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Uganda can be an IT frontier in region - Expert

By Vision Reporter

Added 8th December 2011 03:50 AM

The Ugandan market is still a virgin area for investment compared to the saturated markets of Europe and Americas, an ICT expert has said.

 By Henry Mukasa        

The Ugandan market is still a virgin area for investment compared to the saturated markets of Europe and Americas, an ICT expert has said. 

Bill Crawley, the Managing Director of Mara Ison Technologies observed that there is a focus on Africa by investors from around the world because of the growth potential the continent has.
 
In an interview with Business Vision, Crawley said business people in Uganda are outward looking and in search of better ways of doing business, employing the latest technology while professionals are oozing with knowledge. 
 
“Which is why I think there’s a lot of potential,” he said. “It’s not about what technology and business one can secure, but also looking at ways of applying it. There’s a lot of potential. People are progressive out here,” Crawley commented.
 
Crawley was in the country oversee the inauguration of his company’s investments. In the venture, Raps Uganda Limited in partnership with Ison Infotel of India have merged into Mara Ison Technologies. The firm with a global outlook supplies hardware and software and offers IT services for system integration projects. Its also engages in fibre laying and data center building and hosting at large scale.
 
The Mara boss noted that government officials, private businessmen and professionals he has met are oozing with knowledge and what remains is right application to set Uganda on a higher development pedestal. “I have no negatives here apart from the potholes,” he said. 
 
Mara Ison has built a strong presence in Africa and is currently involved in projects in; Uganda, Kenya, Tanzania, Botswana, Angola, Zimbabwe, Rwanda, Nigeria, Mozambique, Ghana, Congo and Zambia. 
 
“We have aggressive investments plans for the market in Africa,” Crawley remarked.  “Africa is still the only growth market available in the world,” he emphasised.
 
Crawley said in areas where technology is evolving like Africa, there’s a stet-by-step progression but Uganda seems to have leapt and skipped some stages. “We are at a start of a journey in Africa in the way technology is being used to do business. I have found a lot of openness among the government and private sector people I have met. In starting a journey, there are people who should lead. Uganda should provide that light,” Crawley stated.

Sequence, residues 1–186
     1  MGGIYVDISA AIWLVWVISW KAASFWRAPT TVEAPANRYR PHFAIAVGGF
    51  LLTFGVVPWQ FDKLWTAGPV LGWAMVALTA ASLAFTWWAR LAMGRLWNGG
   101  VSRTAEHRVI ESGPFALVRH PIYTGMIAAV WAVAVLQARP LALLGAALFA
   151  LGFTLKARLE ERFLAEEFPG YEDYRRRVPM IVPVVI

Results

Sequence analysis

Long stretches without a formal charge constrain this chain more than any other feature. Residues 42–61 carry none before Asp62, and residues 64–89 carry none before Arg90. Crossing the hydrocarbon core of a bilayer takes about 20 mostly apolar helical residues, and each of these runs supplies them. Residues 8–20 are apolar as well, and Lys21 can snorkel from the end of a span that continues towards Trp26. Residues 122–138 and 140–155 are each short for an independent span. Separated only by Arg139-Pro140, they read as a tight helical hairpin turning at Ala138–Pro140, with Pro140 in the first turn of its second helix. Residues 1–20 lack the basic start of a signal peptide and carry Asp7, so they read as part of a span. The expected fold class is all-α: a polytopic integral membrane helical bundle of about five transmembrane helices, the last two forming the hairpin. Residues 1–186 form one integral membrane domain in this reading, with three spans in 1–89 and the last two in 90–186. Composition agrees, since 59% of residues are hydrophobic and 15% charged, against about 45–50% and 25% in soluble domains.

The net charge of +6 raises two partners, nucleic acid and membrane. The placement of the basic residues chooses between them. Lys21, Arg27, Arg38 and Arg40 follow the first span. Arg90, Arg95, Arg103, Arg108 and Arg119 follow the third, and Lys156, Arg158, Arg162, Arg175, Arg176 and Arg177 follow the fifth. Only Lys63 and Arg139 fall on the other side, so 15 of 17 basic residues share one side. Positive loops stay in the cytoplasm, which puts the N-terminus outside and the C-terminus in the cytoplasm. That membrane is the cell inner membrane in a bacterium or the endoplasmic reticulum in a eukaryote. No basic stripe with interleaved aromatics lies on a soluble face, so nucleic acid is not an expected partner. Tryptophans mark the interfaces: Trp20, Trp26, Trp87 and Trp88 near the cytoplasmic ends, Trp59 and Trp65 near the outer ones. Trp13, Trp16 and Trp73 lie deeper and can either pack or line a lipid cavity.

Mara Ison is part of the Mara Group which is a billion dollar enterprise has headquarters in Dubai and subsidiaries in India and 18 African countries. “Multinationals don’t move into one country; they move into several,” he added. Mara Ison’s business worth in Africa stand at over $15m (sh42b). 
 
It has 300 employees in the country and expect to recruits to over 1000 employees as the business expands. The company, according to the MD, uses local human resource which it blends with expertise from abroad. “We need to identify professionals to work with,” he stated.
 
Crawley explained that Mara Ison has not come to compete with small companies for small projects but huge ones that leverage linkages in the region and continental level. The firm has acquired Raps Uganda Limited which has been a local player and transitioned into Mara Ison which has a global presence.
 
“Small projects for small market, is not what we are looking for. That needs small players. We are looking for large, complex, highly technical projects which need specialized expertise. They are the ones that interest us,” Crawley explained.
 
Some of Mara Ison’s projects include; IT component for banks, network for mobile telephone companies and databases for governments including national ID projects.  The Mara Ison chief executive noted that although some skills might not be available, connectivity will lead to many innovations. 
 
 Crawley said the new business model Mara Ison brings on the market is provision of IT solutions to large corporate organisations and they concentrate on what they can do best. He said gone are the days when companies maintained large IT departments to support the work they are specialized in doing. 
 
“A communication company should be able to let in your calls but should not worry about the network. Similarly, a bank should be able to let you access your money but should not be worried about its ATM machines. They look at companies like Mara Ison for solutions,” Crawley said. 
 
“That brings in efficiency because we have specialists. That’s an area where there is a lot of opportunity in Uganda. It’s a move from wanting to do everything yourself,” he elaborated.
 
 

Uganda can be an IT frontier in region - Expert

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